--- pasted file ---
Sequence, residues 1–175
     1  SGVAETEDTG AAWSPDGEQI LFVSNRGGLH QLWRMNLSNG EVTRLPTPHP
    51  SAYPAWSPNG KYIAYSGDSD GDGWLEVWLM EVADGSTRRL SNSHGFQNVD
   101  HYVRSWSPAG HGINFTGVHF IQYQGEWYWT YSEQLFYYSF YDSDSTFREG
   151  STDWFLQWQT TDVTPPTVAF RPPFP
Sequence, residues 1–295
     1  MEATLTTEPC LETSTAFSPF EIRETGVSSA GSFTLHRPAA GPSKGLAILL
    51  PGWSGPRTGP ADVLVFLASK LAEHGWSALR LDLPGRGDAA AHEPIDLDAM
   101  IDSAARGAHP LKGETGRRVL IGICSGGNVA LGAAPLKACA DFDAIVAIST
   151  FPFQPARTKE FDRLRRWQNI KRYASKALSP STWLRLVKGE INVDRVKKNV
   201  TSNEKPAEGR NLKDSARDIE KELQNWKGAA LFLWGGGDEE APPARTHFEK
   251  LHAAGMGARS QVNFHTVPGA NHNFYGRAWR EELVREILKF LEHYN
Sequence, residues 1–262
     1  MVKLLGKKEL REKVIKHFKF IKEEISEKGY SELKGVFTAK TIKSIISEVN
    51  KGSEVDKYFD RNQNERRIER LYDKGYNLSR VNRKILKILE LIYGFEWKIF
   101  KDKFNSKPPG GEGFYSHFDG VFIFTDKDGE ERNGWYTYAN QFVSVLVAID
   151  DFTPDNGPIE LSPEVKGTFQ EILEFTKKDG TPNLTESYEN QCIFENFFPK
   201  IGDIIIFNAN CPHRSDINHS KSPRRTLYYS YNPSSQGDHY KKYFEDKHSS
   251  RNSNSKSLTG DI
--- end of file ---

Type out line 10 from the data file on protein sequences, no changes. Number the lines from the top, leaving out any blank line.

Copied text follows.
   151  FPFQPARTKE FDRLRRWQNI KRYASKALSP STWLRLVKGE INVDRVKKNV